Cases in the Ethics of Grading: Dr. Jones and Tara Hightower

The following is a hypothetical case meant to raise questions about grading practices. I'd like to recognize Kenneth Strike and Jonas Soltis for their book "The Ethics of Teaching," which inspired the style and structure of this case. Enjoy and discuss!

Dr. Susan Jones, an assistant professor in her first year at Central State University, is teaching a molecular biology course to a class of about twenty undergraduates, most in their second or third year of college. The content of the class comes easy to Dr. Jones, but showing up on-time at 8:00 three days a week is not. Most of the class is struggling with the material and disliking the class, so to make the class more enjoyable she occasionally interrupts lecture with some "fun" activities, such as watching cartoons or playing games. Dr. Jones's primary suggestion to those struggling in the class is for them to see her during her office hours for individualized help. She is very generous with her time and has helped many students make improved progress with the coursework.

Tara Hightower is an honors student at Central State and is one of Dr. Jones's struggling students. Tara is proud and independent, and somewhat stubbornly chooses to not see Dr. Jones for individualized help. Tara attends every class, is always on time, and studies both the text and her notes for hours each week in order to keep up with the material. This has always been a successful strategy for Tara in the past, and she resents the idea that she should have to see Dr. Jones individually, especially since some class time is already being wasted on fun, games, and Dr. Jones's tardiness. Tara's scholarship and status in the honors program is dependent on her maintaining a 3.5 GPA, and she received a notice at midterm that she had a D in the class. If Tara can not substantially improve this grade, she'll be given a warning by the honors program and risks losing her scholarship.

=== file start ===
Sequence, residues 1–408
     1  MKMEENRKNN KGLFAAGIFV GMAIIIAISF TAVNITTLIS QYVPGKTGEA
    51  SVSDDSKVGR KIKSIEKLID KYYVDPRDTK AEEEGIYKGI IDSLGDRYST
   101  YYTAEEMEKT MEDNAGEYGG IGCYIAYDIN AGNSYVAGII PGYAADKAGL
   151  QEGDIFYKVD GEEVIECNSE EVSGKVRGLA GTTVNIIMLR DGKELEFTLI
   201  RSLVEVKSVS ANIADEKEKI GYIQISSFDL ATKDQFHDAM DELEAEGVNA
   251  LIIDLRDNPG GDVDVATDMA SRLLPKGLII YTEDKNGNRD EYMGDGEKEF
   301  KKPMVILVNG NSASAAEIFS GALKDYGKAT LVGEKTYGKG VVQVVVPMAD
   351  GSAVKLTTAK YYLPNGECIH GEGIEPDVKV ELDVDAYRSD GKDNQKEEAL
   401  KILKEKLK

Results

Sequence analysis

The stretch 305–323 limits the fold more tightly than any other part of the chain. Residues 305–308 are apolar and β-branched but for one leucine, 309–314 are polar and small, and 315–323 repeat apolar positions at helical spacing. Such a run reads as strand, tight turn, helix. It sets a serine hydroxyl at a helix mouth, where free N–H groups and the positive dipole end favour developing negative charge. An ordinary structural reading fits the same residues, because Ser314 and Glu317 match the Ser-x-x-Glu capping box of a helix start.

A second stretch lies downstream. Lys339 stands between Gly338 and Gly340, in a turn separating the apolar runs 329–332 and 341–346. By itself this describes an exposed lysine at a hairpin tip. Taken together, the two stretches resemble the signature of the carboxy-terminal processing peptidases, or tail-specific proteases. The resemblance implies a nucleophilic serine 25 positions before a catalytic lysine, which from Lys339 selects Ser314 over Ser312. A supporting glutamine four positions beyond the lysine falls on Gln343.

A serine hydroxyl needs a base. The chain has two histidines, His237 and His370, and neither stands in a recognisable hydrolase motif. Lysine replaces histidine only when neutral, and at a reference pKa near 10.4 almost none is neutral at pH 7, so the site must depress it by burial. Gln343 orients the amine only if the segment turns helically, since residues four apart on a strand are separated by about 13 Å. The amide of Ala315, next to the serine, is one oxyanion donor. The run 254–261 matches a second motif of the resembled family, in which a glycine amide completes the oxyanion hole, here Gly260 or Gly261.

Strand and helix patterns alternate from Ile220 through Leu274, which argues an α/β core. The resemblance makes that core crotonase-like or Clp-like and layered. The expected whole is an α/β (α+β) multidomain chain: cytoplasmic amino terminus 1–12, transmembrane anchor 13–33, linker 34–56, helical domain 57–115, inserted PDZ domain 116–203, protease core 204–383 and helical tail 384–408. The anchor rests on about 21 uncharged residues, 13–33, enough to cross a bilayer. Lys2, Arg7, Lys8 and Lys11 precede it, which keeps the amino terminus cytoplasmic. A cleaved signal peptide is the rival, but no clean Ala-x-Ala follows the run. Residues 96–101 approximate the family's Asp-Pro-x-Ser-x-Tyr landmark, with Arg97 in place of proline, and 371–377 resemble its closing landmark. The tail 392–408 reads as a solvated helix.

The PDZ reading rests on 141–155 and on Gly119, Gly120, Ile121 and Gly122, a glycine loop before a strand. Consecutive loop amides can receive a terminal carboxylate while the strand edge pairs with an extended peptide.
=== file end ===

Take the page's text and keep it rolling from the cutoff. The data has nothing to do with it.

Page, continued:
At the end of the semester, Dr. Jones asks Tara to come see her about her final exam and grade for the course. At the meeting, Dr. Jones explains to Tara that while she passed both the homework and the final exam, she did not perform up to expectations and should take the course again. To ensure Tara retakes the course, Dr. Jones assigns her a failing grade. Tara feels that receiving an F for passing work isn't fair, but agrees that her performance was sub-par and knows she needs to retake the course, regardless if her grade was a D or an F. After meeting with her advisor, Tara changed her schedule so she could retake the course with a different professor the next semester. Tara received an A on the retaken course and regained a positive standing in the honors program.

  1. Can the extra hours Dr. Jones spends working with students individually make up for misused class time?
  2. Should Tara's refusal of any out-of-class individual help influence the grade she receives from Dr. Jones?
  3. Should the fact that Tara must retake the class, regardless of earning a D or F, matter to Dr. Jones?
  4. Teachers typically retain autonomy over their own grading practices. If Tara were to choose to protest the failing grade, who should have the power to change it? What are the ethical implications for Dr. Jones if her grades can be overturned?